Saturday, January 15, 2011

In short: The Haunted House Project (2010)

Three documentary makers and three members of the local ghost hunter society enter a derelict cookie factory with a very bad reputation. It's supposedly haunted by a vengeful secretary who has been causing accidents and deaths in it for years. Mildly scary things happen, until everything culminates in screaming, running around and six dead people.

Not surprisingly, the film is supposed to consist of the restored footage found on the dead bodies, which is probably preferable to it only being explainable as a Satanist trainee video, like in a certain popular US POV film.

I'm not too sure what has caused the sudden influx of POV horror films from various countries in Asia in the last two or three years. Was it a re-issue of (house favourite) Blair Witch Project? A popular TV show I don't know about? Be it as it may, there these films are, and here I am, so I'm of course going to watch as many of them as I can get a hand on.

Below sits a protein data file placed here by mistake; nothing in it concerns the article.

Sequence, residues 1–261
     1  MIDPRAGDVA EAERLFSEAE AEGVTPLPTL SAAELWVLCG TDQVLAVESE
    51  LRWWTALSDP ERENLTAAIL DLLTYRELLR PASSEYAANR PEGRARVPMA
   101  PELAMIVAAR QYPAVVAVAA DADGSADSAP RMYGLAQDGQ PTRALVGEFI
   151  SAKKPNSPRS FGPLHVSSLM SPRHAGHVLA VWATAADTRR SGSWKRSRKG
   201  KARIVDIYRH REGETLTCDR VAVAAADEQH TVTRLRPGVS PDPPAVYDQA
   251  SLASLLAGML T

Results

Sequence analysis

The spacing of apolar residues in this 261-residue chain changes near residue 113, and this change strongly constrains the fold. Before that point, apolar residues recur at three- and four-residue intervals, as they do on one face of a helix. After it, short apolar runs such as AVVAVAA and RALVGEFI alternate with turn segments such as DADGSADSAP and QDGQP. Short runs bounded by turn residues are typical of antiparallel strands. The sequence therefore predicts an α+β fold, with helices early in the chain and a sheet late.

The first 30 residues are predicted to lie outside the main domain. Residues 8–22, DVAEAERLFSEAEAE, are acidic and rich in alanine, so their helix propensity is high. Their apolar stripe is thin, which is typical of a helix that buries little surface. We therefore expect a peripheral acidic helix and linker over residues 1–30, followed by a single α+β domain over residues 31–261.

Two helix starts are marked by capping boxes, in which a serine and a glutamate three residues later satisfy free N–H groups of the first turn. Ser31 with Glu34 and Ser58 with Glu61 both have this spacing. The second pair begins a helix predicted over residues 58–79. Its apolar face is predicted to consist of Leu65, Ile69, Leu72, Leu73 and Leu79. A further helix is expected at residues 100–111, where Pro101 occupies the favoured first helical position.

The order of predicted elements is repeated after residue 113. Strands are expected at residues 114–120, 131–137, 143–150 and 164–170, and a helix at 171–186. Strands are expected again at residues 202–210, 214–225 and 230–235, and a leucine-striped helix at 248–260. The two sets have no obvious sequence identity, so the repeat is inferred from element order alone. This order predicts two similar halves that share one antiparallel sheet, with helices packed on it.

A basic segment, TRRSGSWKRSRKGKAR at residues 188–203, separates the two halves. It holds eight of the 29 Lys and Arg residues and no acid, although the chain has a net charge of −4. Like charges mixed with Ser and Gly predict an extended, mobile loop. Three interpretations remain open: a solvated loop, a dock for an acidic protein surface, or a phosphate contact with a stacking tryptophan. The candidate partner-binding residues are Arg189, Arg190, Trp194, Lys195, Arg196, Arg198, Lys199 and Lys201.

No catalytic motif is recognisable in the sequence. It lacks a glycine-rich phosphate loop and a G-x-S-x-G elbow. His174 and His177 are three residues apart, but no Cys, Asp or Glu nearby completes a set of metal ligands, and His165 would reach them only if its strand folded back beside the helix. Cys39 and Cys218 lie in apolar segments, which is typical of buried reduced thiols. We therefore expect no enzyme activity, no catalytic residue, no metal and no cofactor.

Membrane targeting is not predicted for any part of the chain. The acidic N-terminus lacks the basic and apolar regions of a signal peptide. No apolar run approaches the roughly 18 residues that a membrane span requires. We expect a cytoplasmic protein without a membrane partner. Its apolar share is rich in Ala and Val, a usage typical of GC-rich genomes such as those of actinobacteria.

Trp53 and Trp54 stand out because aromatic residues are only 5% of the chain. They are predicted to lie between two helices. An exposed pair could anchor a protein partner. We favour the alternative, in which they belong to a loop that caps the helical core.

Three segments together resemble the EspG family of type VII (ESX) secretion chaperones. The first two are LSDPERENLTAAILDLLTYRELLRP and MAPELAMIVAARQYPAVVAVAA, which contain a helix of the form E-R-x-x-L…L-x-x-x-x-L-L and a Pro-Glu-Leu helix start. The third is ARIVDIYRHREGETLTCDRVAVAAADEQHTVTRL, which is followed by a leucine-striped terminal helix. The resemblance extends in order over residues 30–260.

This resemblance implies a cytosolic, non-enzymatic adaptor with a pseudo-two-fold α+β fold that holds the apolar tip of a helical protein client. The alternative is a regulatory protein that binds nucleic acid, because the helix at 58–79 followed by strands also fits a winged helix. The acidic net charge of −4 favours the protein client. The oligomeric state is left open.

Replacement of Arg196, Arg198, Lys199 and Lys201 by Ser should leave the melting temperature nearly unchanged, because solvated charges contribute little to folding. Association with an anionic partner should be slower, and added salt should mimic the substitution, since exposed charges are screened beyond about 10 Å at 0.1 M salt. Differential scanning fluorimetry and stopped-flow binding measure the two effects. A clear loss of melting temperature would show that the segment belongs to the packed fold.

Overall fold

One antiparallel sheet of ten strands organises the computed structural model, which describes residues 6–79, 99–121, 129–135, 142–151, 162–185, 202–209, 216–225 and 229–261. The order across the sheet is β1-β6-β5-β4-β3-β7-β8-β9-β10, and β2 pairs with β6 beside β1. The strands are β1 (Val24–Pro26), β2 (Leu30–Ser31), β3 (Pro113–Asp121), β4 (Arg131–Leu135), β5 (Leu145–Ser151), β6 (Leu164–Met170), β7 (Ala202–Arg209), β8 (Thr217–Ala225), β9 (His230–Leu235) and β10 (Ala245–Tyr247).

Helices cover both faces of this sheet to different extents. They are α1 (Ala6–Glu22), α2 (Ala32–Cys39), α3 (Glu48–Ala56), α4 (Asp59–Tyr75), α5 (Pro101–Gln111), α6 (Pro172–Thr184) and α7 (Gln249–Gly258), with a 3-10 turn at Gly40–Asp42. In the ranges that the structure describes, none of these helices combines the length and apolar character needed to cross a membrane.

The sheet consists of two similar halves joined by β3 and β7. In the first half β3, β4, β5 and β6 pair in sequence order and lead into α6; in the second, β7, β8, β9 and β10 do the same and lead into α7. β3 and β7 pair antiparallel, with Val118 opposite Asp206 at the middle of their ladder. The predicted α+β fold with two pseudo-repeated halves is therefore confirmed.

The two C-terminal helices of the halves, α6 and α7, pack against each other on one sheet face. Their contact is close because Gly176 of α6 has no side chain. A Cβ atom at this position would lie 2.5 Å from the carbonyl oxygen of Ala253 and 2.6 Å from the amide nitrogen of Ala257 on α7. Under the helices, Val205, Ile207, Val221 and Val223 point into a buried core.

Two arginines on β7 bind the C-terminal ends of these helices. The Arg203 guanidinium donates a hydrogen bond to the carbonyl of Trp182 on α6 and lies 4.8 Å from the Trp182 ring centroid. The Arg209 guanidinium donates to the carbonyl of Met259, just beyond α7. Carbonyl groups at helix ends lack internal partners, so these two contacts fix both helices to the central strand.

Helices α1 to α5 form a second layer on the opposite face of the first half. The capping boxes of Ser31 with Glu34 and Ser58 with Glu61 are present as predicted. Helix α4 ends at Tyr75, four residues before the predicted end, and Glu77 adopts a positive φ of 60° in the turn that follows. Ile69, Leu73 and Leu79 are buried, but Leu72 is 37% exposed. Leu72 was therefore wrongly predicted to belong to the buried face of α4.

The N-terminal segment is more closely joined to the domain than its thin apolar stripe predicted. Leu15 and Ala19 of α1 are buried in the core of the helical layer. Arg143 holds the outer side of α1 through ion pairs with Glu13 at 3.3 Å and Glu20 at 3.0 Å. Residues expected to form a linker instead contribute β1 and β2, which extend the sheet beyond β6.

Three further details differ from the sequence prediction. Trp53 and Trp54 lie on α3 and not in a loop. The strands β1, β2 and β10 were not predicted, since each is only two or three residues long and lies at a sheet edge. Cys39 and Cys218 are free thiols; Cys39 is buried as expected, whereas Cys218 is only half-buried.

Hopefully, not all of these films are as disappointing as South Korean director Lee Cheol-ha's The Haunted House Project (whose original title I can't find out, so I'm just going with the concept that its actual title does not have any relation to Blair Witch).

To begin with the positive, THHP is competently filmed (with not as much camera wobbling as some people's stomachs will fear), solidly acted and mercifully short. Unfortunately, that's really all the positives I can find about it.

As a horror film, THHP fails at the all-important task of being scary or creepy (or even just plain disgusting) in any kind or form. The factory buildings the plot takes place in are surely derelict, but lack the proper (and admittedly extremely subjective) creep factor, and the moments of explicit horror just aren't very interesting. This is one of the films in the POV sub-genre that don't understand the importance of ambiguity, of not showing things, and of hinting at stuff happening that must be much more terrifying than anything that it could show (something that other Project did very well indeed), and instead goes for some obvious shocks.

The film also just takes too much time getting to the (theoretically) scary parts. Instead of using the first half hour or so to build up an interesting mythology for the factory, Lee goes for a background so pedestrian and so obvious that it seems custom made to deflate any sense of mystery or actual fear, as if the director thinks knowing precisely what quotidian sort of haunting is waiting for the characters there will somehow make their experiences more interesting.

Alas, it doesn't.

Technorati-Markierungen: ,,

No comments: